1. The point for decision in this appeal is one of limitation. The plaintiff applied for a final decree in a redemption suit. The preliminary decree was obtained on 29th June, 1918, the application for final decree was made on 22nd October, 1923, more than three years after the preliminary decree. The preliminary decree, however, was taken upon first appeal and second appeal. The first appeal was disposed of on 29th November, 1919 and the second appeal on 8th February, 1922. The application is, therefore, beyond three years of the first appeal decree and within three years of the second appeal decree. The original court has held that it was in time, the Lower Appellate Court that it was not, and the plaintiff appeals.
2. The Article applicable is Article 181 and the terminus a quo is the date when the right to apply accrued. The plaintiff's contention is that the preliminary decree now is the High Court's decree in second appeal and that his right to apply accrued only on the date of that. The respondent contends that as the High Court decree merely dismissed the second appeal the right to apply accrued on the date of the first appeal decree. All that we know about the High Court proceedings is its judgment which runs, 'No question of law. The second appeal is dismissed with costs.' The fact that it was dismissed with costs indicates that the second appeal was admitted and notice given to the other side, and that the other side appeared and was ready to argue the case if called upon.
3. It is contended by the respondent that, if the High Court had gone into the merits of the appeal and dismissed it, the right to apply would accrue only on the date of the High Court decree. But it is contended that the High Court could not have gone into the merits because it merely says 'no question of law', and that as it has held that there was no question of law it held in effect that the second appeal was not competent, since a second appeal can only be maintained on a question of law. But the fact that the appeal was admitted as an arguable appeal indicates to my mind that it was entertained as competent. The competency of an appeal does not depend on the final decision in the appeal. If the High Court does not dismiss it in limine, but thinks there is an arguable question of law, then the appeal is competent, and it is because it is competent that notice is given to the other side and the appeal posted for hearing both sides. The decision of the High Court was, therefore, a decision after hearing the merits of the case discussed on both sides, and its, decree, therefore, superseded the decree of the Lower Appellate Court.
4. The same result is arrived at from another point of view. It may be that, when an appeal is summarily dismissed as time-barred or because of default of appearance or want of prosecution or some similar reason, the proper order is one of dismissal, pure and simple, and that such an order or decree, whichever it be, would not supersede the decree of the Lower Appellate Court: This is a question the answer to which either way will raise difficulties which I need not consider here; for I am clear that, when notice has been given and the appeal argued, the decree of dismissal, even if the word 'dismissed' is used, is really a decree of confirmation, if indeed, considering that costs is awarded in addition to the Lower Appellate Court's decree, one may not even say it is a decree of modification. The rules applicable are Rules 30 to 32 of Order 41, and the proper decree in such a case is one confirming, varying or reversing the decree appealed from; and in such a case there is and must be a new decree containing the costs ordered by the High Court. The old decree has been confirmed and superadded to or modified; it does not really matter by which term we describe it. The High Court decree does supersede the decree appealed from and becomes final preliminary decree, if such a phrase be permitted.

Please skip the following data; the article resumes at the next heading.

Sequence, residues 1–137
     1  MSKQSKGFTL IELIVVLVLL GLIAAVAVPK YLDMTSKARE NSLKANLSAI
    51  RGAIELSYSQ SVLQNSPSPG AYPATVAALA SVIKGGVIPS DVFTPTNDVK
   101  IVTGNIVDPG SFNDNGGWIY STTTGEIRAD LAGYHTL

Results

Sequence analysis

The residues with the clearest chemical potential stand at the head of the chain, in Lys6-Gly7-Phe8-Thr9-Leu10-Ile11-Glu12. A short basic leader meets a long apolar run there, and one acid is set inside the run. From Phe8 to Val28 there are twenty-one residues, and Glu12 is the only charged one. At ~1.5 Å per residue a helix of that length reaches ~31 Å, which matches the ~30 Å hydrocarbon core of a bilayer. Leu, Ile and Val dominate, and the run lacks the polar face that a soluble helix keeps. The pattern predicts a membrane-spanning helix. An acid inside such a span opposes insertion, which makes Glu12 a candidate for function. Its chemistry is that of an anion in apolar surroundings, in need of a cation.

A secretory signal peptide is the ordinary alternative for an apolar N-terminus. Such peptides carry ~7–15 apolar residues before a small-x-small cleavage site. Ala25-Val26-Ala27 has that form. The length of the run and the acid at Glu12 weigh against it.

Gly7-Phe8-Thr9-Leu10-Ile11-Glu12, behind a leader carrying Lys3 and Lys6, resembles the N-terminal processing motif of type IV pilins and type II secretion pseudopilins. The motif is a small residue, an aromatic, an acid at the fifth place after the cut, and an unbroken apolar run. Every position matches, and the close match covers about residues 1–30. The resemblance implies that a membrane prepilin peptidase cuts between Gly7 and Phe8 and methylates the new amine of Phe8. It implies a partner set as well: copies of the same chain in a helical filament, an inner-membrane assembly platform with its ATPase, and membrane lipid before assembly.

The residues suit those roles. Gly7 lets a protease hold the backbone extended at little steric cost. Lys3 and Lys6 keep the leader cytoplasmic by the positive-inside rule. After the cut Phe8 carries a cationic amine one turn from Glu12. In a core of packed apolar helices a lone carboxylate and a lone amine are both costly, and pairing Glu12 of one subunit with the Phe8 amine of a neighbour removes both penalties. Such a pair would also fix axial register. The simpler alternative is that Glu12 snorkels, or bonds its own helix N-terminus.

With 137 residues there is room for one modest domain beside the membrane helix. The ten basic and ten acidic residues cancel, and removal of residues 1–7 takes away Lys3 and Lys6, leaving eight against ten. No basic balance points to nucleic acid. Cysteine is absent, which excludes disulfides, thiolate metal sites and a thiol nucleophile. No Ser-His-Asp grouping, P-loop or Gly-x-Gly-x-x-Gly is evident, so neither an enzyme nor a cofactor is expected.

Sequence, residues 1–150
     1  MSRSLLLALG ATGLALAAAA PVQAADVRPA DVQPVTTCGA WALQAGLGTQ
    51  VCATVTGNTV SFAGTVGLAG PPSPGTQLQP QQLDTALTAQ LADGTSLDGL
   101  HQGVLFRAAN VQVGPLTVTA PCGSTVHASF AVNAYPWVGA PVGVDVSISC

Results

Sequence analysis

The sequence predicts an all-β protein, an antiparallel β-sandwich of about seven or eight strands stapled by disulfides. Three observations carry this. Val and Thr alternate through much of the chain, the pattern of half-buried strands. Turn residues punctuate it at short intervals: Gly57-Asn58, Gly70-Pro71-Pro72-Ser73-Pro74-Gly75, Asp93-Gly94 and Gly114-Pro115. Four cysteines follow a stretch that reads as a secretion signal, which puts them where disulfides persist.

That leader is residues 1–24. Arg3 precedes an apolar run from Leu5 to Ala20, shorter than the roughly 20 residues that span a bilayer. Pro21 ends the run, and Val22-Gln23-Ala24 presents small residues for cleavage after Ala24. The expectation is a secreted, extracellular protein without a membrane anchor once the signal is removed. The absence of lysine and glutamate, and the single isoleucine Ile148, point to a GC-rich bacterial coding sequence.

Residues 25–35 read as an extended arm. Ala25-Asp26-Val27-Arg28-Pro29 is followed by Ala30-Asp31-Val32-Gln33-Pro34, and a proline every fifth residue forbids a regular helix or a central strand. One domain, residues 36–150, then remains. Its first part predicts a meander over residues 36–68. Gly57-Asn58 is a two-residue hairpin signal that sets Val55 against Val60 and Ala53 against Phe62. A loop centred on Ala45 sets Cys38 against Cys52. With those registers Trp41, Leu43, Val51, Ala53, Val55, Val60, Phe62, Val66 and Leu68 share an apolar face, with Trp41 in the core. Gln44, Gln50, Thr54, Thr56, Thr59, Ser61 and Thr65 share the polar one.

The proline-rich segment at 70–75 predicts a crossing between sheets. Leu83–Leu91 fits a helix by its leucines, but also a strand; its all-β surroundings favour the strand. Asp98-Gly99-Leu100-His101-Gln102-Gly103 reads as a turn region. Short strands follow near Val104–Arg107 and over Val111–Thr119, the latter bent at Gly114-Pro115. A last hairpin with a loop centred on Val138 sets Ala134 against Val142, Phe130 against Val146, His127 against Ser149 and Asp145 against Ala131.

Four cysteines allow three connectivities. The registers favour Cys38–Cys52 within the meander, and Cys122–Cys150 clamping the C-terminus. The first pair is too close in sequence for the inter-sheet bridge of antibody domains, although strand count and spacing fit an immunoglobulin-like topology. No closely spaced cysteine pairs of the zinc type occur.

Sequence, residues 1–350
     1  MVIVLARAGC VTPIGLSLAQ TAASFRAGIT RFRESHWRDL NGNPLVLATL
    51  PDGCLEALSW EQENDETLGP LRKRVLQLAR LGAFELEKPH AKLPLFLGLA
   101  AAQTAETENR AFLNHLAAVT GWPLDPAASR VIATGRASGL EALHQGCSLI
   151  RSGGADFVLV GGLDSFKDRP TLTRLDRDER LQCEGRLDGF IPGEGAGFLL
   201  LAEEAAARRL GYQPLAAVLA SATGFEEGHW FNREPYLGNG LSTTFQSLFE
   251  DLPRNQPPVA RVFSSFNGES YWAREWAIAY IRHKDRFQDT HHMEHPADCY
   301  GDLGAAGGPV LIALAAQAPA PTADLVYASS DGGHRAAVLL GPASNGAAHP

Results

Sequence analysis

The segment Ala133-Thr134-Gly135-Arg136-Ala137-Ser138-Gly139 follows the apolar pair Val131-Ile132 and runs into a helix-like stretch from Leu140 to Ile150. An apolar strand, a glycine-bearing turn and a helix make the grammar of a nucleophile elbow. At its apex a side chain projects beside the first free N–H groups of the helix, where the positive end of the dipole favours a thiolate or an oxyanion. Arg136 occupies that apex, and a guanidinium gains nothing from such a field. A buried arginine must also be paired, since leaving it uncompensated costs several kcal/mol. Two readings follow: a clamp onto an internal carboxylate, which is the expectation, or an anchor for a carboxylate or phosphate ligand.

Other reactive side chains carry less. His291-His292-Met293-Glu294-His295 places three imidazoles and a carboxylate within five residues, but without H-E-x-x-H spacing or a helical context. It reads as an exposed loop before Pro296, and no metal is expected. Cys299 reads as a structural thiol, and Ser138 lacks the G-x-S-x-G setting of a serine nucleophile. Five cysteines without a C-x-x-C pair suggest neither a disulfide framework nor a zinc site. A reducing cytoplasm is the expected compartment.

5. The general principle laid down by the Privy Council in Joivad Hussain v. Gendan Singh and Fitsholmes v. Bank of Upper India (1926) L.R. 54 IndAp 52 : I.L.R. Lah. 253 : 52 M.L.J. 366 (P.C.) is not altered because the High Court has only limited powers in hearing a second appeal. The principle applies to an appeal which has been heard in the sense of having been admitted and the other side given notice to appear and argue. That principle has been affirmed in this Court from the Full Bench case in Pichuvayyangar v. Seshayyangar I.L.R.(1894) M. 214 : 5 M.L.J. 39 (F.B.) onwards. See Munuswami Naidu v. Munuswami Reddi I.L.R.(1898) M. 293 and Venkayya v. Sathiraju : AIR1921Mad514(1) . See also Kailash Chandra Bose v. Girija Sunduri Debi I.L.R.(1912) C. 925. The respondent relied on the Privy Council case in Juscurn Bold v. Pirthichand Lal Choudhury (1918) L.R. 46 LA. 52 : I.L.R.1918 C. 670 : 36 M.L.J. 557 (P.C.) but there the question was not whether the appeal decree has superseded the original decree but when was a particular sale reversed, as has been explained by this Court in Venkayya v. Sathiraju : AIR1921Mad514(1) . A similar case is relied on in Hari Mohan v. Parameshwar Shau : AIR1928Cal646 , where again the question was not one of limitation, but when a particular right to restitution accrued. I am not shown any authority which lays down that, when the High Court has admitted and heard an appeal argued, its decree, even though it be a decree of dismissal, does not supersede the decree appealed from. I hold that the District Munsif's order is right. I allow this appeal and reverse the District Munsif's decree with costs here and in the Lower Appellate Court.